SailNet Community

SailNet Community (http://www.sailnet.com/forums/)
-   Gear & Maintenance (http://www.sailnet.com/forums/gear-maintenance/)
-   -   Is any epoxy paint a good epoxy paint? (http://www.sailnet.com/forums/gear-maintenance/74572-any-epoxy-paint-good-epoxy-paint.html)

SVTatia 05-18-2011 01:31 PM

Is any epoxy paint a good epoxy paint?
 
Here is a question for the paint specialists out there:

I will be applying a barrier coat on my Allied Luders 33 and would like to know what are the differences if any among PAINT manufacturers.

Other than the popular marine suppliers such as International, US Paints, Petit, etc there are others with household names such as Sherwin Williams and Benjamin Moore that cost quite a bit less.

If a two-part epoxy paint contains high-solids and is recommended for immersion in fresh and salt water would that automatically classify as good for barrier coating? Does the mixing ratio matter?

I'll appreciate you feedback.

tommays 05-18-2011 02:07 PM

There is magic stuff they add that is supposed to stop water osmosis :)

Normal epoxy paint like Awlgrip 545 is not supposed to be a good barrier coat

For example West sells a 422 powder that you mix with epoxy to turn it into barrier coat

mitiempo 05-18-2011 02:09 PM

Epoxy paints are not good barrier coatings. Proper barrier coatings like International's Interprotect are not paints but coatings with a specific design purpose. 5 coats are required for proper protection, and the hull must be dry which takes several months to achieve.

To my knowledge neither Benjamin Moore or Sherwin Williams make marine barrier coatings - I don't think they make marine paints at all.

When barrier coating you want the best protection available, not the least expensive. You are trying to seal the inner layers of the hull structure from moisture which the gelcoat and polyester resin cannot do.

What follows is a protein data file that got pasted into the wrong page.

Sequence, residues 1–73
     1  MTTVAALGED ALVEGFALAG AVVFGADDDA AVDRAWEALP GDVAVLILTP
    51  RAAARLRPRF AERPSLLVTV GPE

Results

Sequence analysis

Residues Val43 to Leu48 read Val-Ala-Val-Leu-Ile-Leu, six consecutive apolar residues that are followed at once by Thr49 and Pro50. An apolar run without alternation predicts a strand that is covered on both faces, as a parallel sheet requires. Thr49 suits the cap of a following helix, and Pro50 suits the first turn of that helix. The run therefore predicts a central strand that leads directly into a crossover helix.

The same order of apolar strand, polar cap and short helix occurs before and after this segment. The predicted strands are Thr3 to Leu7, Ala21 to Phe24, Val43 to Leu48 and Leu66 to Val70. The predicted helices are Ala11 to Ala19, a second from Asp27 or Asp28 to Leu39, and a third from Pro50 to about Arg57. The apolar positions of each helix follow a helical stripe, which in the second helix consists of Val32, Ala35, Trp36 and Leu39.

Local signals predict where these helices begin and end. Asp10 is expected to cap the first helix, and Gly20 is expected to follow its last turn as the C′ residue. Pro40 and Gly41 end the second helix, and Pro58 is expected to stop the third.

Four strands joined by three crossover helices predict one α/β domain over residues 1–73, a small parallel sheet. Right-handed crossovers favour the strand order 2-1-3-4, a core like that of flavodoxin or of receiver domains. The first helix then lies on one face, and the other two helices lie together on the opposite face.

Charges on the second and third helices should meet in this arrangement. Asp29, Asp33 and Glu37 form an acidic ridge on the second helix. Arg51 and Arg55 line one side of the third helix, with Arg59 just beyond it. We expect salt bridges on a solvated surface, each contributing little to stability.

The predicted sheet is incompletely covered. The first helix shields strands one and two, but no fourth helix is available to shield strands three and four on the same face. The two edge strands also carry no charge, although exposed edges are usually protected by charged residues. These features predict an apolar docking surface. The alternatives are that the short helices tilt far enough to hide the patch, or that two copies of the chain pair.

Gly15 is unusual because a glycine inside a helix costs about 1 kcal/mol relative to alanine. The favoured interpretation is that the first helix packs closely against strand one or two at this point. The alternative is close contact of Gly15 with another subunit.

SVTatia 05-18-2011 05:26 PM

That is precisely my question: What is the difference bt the "designed marine barrier coatings" and the other high-solids epoxies made to be submersible.
If the brochure says marine, is this an automatic qualifier? I am not trying to be be cheap, just avoiding paying for a "marine" label when I dont'have to.

tommays 05-18-2011 07:28 PM

A barrier coat has platelets for lack of a better word In the mix

It's not like you have to do anything and many will argue it will often fail to work

Neither of my 1981 J24 hulls ever had anything used and never had issues BUT were never in the water more than 6 months at a time

I know of many J24 hulls kept in warm water year round that have had pretty bad problems

My 1970 Cal 29 has no issues But had a really good barrier job done and I am sure going to insure it stays in good shape

mitiempo 05-18-2011 07:55 PM

The true epoxies, not epoxy paints, are the only products that are unlikely to allow water transfer to the structure of a fiberglass hull.
If the coating is not more of a "barrier" to moisture than the original polyester based gelcoat why bother?

Maine Sail 05-18-2011 08:09 PM

Epoxy "paint" and epoxy "barrier coat" are two different products. There is a reason most professionals I know choose Interprotect. My boat yard has tried every barrier coat to come down the pike to save money but they always come right back to Interprotect.

There are literally hundreds of different ways to formulate epoxy and the ones specific to barrier coating are designed specifically for this. All the epoxy makers also have additives you can add to their epoxy to make them a barrier coat. I have used West System, Pettit, Interprotect and MAS. The Interprotect is the one I prefer by quite a long shot and I find it well worth the money IF you install it correctly. Many people don't apply barrier coats properly and essentially waste their money. The hull has to be dry and 100% free of all old paint before coating. The final layer and hot-coating the bottom paint is the most critical step and many folks really mess this one up...

With ANY of them follow the directions...

fallard 05-18-2011 09:21 PM

I've used Interprotect on fiberglass hulls as well as steel and aluminum underwater structures (e.g., centerboard, OB bracket) with excellent results. The key, as Main Sail said, is preparation and following directions, particularly on recoat times.

SVTatia 05-19-2011 09:57 PM

Thank you all, and you Maine Sail for sharing whats being used and worked - nothing beats empirical evidence.
Interprotect will be my choice.


All times are GMT -4. The time now is 04:27 AM.

Powered by vBulletin® Version 3.8.7
Copyright ©2000 - 2014, vBulletin Solutions, Inc.
SEO by vBSEO 3.6.1
(c) Marine.com LLC 2000-2012